ESQUILINUS, a name of several families at Rome, which they obtained from living on the Esquiline hill. The name also occurs as an agno­men to distinguish a member or a branch of a par­ticular family from others of the same name.

1. An agnomen of P. licinius calvus, both father and son. [ calvus, Nos. 1, 2.]

2. An agnomen of L. minucius augurinus and Q. minucius augurinus, though, according to the Fasti, Augurinus would be the agnomen and Esquilinus the cognomen. [ augurinus II., Nos. 3,4.]

3. L. or M. sergius esquilinus, one of the second decemvirate, b. c. 450. (Liv. iii. 35 ; Dionys. x. 58, xi. 23.)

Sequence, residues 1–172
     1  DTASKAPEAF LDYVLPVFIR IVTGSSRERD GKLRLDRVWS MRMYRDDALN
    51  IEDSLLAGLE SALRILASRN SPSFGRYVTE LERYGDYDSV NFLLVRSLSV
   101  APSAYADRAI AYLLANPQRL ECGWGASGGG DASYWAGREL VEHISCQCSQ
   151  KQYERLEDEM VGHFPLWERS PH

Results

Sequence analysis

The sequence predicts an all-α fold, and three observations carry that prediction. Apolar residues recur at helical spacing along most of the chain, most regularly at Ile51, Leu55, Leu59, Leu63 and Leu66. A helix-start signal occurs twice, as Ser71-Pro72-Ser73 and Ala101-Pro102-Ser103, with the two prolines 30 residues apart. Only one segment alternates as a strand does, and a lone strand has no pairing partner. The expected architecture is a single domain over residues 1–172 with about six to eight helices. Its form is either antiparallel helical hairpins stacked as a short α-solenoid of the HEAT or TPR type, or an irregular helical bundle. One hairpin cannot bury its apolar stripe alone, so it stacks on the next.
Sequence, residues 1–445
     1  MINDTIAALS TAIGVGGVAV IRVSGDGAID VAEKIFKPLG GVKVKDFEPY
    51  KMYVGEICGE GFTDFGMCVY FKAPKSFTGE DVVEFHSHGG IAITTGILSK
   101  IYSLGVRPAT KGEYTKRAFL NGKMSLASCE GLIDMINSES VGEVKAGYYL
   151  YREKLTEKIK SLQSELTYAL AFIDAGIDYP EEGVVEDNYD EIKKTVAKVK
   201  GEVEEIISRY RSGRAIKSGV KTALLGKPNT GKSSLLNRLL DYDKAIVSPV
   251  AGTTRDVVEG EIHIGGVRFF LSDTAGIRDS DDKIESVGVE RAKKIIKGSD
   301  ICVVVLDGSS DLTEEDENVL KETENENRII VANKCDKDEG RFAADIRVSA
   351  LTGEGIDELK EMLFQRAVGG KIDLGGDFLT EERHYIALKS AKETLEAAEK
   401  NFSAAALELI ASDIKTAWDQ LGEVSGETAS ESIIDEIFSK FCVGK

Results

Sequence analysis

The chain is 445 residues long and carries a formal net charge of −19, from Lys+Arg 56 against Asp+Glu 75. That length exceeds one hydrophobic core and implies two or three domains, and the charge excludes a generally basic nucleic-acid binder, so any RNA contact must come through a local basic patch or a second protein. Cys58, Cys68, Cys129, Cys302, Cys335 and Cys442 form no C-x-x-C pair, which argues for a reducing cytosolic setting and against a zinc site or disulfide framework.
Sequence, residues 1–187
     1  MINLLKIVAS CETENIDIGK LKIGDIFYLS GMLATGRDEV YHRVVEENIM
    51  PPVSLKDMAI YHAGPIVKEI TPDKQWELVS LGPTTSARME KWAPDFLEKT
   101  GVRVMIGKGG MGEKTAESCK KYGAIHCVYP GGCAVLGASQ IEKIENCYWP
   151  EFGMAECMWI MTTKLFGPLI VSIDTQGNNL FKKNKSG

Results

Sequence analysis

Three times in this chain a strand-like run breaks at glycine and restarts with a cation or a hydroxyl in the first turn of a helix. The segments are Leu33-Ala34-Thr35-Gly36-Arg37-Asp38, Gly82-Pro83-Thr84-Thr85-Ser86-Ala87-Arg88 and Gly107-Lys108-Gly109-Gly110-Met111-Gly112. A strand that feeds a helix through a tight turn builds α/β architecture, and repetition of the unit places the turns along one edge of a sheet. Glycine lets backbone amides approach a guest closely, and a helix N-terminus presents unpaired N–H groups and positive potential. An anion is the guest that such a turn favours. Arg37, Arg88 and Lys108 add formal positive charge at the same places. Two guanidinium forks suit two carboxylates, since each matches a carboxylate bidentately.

4. An agnomen of the virginii tricosti. Almost all the members of the Virginia gens had the surname Tricostus, and those who dwelt on the Esquiline had the surname Esquilinus, just as those living on the Caelian hill had the surname caeliomontanus. Two members of the gens have the surname Esquilinus, namely, opiter virgi-nius tricostus esquilinus, who was consul in B. c. 478, filling the place of C. Servilius Structus Ahala, who died in his year of office (Fasti), and his grandson, L. virginius tricostus esquili­nus, consular tribune in b. c. 402. The conduct of the siege of Veii was entrusted to the latter and his colleague M\ Sergius Fidenas, but in conse­quence of their private enmity the campaign was a disastrous one. The Capenates and Falisci ad­vanced to the relief of Veii. The two Roman generals had each the command of a separate camp: Sergius was attacked by the allies and a sally from the town at the same time, and let himself be overpowered by numbers, because he would not ask his colleague for assistance, and .Virginius would not send it because it was not asked. In consequence of their misconduct, they were forced to lesign their office before their year had expired. In the following year they were brought to trial and condemned by the people to pay a heavy.fine. (Liv. v. 8, 9, 11/12.)